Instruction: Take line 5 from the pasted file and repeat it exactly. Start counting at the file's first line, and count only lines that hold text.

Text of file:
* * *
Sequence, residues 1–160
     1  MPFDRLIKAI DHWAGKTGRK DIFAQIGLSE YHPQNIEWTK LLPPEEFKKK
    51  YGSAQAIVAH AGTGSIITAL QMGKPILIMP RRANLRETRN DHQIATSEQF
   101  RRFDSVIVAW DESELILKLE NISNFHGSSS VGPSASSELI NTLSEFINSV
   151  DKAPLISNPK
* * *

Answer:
   151  DKAPLISNPK